A guest post by Todd Myers of the Washington Policy Center.
The story’s headline captures the tone: “Climate change takes toll on coffee growers, drinkers too”. The impact of climate change on coffee, they argue, has been significant. “Yields in Costa Rica have dropped dramatically in the last decade,” the Times wrote, “with farmers and scientists blaming climate change for a significant portion of the troubles.”
But there are factual problems with the story.
(1) According to NASA, Costa Rican temperatures during 2008-09, the years with the largest drop in production, were only 0.6 degrees warmer than the 20th century baseline. The most significant increase occurred in the fall (September-November, 2008), of just over 1 degree F. This was left out of the story.
(2) Average temperatures in 2008-09 were only 0.1 degrees warmer than 1998-2000, when Costa Rican
coffee harvests were 68 percent larger. The largest difference occurred in the fall, a difference of only 0.7 degrees.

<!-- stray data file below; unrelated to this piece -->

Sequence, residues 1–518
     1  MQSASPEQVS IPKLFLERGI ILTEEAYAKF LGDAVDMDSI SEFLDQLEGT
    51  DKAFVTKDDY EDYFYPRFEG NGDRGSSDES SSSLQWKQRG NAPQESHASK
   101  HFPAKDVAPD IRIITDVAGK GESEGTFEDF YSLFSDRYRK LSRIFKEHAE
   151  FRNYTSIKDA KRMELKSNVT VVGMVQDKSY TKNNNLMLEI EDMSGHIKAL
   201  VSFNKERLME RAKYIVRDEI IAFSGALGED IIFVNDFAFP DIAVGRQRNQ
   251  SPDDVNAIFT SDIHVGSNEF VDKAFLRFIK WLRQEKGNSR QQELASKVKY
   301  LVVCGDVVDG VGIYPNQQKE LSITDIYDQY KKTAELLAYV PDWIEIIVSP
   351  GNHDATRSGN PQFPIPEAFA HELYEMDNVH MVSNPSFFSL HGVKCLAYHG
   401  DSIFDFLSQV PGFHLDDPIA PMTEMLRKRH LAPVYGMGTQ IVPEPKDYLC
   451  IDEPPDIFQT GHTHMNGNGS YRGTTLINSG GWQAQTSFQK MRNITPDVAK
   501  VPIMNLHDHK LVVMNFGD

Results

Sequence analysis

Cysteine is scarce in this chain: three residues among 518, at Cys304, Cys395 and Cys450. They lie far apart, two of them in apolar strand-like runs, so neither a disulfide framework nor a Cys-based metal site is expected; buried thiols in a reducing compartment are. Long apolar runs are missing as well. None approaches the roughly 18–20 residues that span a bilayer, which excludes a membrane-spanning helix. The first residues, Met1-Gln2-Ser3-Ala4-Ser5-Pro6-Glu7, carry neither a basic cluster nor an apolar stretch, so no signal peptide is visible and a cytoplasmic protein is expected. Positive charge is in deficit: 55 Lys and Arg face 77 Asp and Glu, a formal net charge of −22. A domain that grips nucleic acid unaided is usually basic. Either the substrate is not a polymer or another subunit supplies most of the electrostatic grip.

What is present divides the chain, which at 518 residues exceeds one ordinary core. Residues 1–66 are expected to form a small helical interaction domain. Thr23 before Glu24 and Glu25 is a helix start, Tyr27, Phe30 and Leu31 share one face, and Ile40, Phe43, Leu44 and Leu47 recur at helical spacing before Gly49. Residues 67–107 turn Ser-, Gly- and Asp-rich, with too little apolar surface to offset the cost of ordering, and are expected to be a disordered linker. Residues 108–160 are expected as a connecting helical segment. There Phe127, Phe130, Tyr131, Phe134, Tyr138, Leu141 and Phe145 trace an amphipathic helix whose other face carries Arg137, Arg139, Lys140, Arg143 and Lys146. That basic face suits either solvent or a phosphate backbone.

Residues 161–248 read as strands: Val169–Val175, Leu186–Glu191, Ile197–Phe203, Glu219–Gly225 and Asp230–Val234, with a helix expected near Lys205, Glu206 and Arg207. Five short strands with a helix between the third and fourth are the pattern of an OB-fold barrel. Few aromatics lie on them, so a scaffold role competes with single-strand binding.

(3) Temperatures in 2008-09 are actually 0.1 degrees lower than the average annual temperature during the 1991-93 period, which marked the country’s highest coffee production.
Even the climate scientist chosen by the Seattle Times to participate in an online chat about the story threw cold water on the link between the crop declines and climate change. Dr. Mike Wallace, a climate scientist at the University of Washington told me “the warming of the past 10 years is pretty small, both globally and over Costa Rica. I’m not at all sure that it’s been a factor in the decline of coffee production on this short time scale.”
Science journalism can be especially susceptible to the urge to substitute a simple, compelling story for the complexity of data-based science. Reporting the uncertainties of scientific information may not result in gripping journalism, but it is critical to enabling the public and policymakers to rely on the stories they read about climate change or the other environmental challenges we face.